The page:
3 Times Ruth Bader Ginsburg Earned Her Reputation for Dissent
Filmmaker Lena Dunham, journalist Janet Mock, and Wisconsin Sen. Tammy Baldwin are just a few of Ruth Bader Ginsburg’s more famous fans. In a new video, they join politicians, activists, and civil rights leaders in paying tribute to the Supreme Court justice in honor of a new biography, Notorious RBG: The Life and Times of Ruth Bader Ginsburg.
The book takes its name from the eponymous Tumblr blog launched two years ago by MSNBC reporter Irin Carmon and then–NYU law student Shana Knizhnik, who used memes and GIFs to reimagine Ginsburg as such hip-hop icons as the Notorious B.I.G. and Beyoncé.
While Notorious RBG has catapulted Ginsburg, 82, to caricature status and cemented her place in pop culture—her image appears on everything from shirts and onesies to stickers and tattoos—it doesn’t overlook her contributions to the American justice system. The blog was inspired in part by Ginsburg’s dissent in a Supreme Court ruling weakening parts of the Voting Rights Act in 2013. Here, we explore that ruling and two other cases that earned Ginsburg her “notorious” reputation for fervent opposition.
1. Voting Rights Act
In June 2013, the Supreme Court struck down the portion of the Voting Rights Act that allowed nine mostly Southern states to bypass federal approval to modify their election laws—allowing states to enact voting restrictions that have led to lower voter turnout among black and younger voters, according to a congressional study published last year. Chief Justice John G. Roberts Jr. maintained that the original 1965 provision was outdated and out of step with “current conditions.” Ginsburg dissented, invoking Martin Luther King Jr. to argue that his commitment to civil rights had been “disserved” by the decision. “Just as buildings in California have a greater need to be earthquake proofed, places where there is greater racial polarization in voting have a greater need for prophylactic measures to prevent purposeful race discrimination,” she wrote.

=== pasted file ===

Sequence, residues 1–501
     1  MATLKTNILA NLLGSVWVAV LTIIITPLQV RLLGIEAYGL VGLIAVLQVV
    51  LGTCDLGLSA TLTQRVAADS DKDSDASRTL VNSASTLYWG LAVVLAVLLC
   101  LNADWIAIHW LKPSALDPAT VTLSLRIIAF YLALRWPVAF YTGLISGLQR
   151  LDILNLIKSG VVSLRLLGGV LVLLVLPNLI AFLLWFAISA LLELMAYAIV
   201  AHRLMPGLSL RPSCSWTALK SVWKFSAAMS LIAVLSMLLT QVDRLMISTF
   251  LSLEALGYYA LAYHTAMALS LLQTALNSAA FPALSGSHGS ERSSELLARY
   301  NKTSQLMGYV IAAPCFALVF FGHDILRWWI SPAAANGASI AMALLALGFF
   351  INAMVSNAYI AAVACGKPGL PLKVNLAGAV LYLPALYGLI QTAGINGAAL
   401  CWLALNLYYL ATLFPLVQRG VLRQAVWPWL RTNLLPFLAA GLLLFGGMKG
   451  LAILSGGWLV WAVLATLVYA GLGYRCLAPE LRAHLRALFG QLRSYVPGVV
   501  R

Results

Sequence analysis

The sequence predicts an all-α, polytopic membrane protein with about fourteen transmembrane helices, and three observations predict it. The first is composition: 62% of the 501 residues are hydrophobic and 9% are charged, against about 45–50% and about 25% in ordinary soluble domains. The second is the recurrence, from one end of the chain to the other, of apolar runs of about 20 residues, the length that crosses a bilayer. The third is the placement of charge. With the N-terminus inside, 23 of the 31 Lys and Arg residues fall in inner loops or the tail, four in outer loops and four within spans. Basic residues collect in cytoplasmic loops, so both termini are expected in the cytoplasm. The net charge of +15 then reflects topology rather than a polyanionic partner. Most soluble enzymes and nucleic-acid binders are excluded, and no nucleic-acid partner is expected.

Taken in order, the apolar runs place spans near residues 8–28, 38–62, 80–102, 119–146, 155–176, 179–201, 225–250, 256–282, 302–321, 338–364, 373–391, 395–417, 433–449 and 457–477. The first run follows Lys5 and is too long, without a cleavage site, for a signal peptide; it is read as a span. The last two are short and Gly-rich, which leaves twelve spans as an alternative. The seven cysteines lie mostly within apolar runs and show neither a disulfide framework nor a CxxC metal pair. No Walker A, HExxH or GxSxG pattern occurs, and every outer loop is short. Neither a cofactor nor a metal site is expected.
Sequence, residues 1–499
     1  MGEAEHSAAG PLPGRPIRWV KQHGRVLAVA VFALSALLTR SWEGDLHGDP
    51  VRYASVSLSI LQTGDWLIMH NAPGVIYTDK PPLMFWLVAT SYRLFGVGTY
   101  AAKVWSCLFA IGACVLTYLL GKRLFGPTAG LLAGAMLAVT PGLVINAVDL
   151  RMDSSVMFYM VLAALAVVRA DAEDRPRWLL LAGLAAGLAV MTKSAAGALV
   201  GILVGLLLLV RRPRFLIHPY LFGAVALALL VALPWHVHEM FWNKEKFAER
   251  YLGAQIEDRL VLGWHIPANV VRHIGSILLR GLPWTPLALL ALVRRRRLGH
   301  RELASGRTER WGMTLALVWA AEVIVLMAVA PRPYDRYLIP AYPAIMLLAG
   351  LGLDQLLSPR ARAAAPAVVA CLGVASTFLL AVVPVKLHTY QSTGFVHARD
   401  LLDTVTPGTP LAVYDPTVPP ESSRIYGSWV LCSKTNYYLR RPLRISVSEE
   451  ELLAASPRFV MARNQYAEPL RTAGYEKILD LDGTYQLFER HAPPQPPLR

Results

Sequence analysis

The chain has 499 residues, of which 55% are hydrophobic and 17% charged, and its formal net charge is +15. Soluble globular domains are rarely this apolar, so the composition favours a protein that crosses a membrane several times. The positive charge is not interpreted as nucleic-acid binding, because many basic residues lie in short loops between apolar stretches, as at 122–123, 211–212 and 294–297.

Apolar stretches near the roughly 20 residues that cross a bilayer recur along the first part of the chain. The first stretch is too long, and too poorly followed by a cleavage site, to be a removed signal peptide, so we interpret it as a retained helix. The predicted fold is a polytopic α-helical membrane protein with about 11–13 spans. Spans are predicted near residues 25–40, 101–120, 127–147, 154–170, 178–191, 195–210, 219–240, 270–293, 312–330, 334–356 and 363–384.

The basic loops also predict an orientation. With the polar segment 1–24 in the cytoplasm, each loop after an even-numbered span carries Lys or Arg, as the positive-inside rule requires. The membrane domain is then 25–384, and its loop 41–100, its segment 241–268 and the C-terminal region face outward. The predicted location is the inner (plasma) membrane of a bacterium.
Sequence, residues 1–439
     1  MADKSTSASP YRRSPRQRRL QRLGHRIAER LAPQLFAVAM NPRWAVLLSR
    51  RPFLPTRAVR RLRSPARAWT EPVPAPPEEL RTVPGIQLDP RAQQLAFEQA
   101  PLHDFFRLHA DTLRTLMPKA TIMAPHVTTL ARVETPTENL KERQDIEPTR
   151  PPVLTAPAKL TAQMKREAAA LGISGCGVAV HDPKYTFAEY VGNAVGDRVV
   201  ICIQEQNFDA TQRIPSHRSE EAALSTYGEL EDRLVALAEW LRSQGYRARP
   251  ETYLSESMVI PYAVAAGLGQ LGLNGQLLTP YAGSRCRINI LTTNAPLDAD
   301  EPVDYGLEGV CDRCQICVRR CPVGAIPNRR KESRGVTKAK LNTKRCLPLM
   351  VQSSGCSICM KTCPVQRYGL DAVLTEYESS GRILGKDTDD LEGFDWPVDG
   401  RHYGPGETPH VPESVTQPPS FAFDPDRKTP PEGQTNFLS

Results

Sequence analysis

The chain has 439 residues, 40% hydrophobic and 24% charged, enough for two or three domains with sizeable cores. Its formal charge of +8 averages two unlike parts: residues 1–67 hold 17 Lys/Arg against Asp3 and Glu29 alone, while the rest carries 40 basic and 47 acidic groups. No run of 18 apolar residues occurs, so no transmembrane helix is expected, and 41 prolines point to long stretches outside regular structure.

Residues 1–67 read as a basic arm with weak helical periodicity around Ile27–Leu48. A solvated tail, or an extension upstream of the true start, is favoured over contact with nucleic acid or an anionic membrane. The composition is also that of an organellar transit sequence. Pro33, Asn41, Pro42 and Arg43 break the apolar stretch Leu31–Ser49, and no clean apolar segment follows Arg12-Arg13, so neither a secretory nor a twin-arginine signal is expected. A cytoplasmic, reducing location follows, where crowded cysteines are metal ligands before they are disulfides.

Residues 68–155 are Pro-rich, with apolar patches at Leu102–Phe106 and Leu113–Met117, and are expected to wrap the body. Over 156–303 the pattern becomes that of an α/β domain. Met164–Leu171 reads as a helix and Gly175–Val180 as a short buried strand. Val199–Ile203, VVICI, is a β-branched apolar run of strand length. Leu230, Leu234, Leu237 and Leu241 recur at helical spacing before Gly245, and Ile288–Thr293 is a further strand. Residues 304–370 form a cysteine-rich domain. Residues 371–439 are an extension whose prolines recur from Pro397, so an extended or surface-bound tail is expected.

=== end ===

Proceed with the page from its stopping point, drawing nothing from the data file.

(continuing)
2. Texas Voter ID Laws
As a result of the Voting Rights Act ruling, Texas announced it would begin enforcing a law requiring voters to show approved forms of identification before casting a ballot. When the law was challenged, the Supreme Court ruled in October 2014 that it could be used in the November election, despite outcry from civil rights groups that the law was discriminatory and could disproportionately prohibit blacks and Latinos from voting. Ginsburg was one of three justices who dissented; the other two were Sonia Sotomayor and Elena Kagan. Ginsburg wrote: “The greatest threat to public confidence in elections in this case is the prospect of enforcing a purposefully discriminatory law, one that likely imposes an unconstitutional poll tax and risks denying the right to vote to hundreds of thousands of eligible voters.”
3. Religious Freedom Restoration Act
In June 2014, the Supreme Court ruled that certain employers are exempt from a portion of the Affordable Care Act and can legally deny their employees insurance coverage for contraceptives if it infringes on their religious beliefs. While Justice Samuel Alito held that the decision in favor of the for-profit corporation Hobby Lobby would have a limited effect, Ginsburg dissented, insisting that the decision would have wide-sweeping consequences for women’s reproductive health care. “The court, I fear, has ventured into a minefield,” she wrote. “Religious organizations exist to foster the same interests of persons subscribing to the same religious faith. Not so of for-profit corporations.”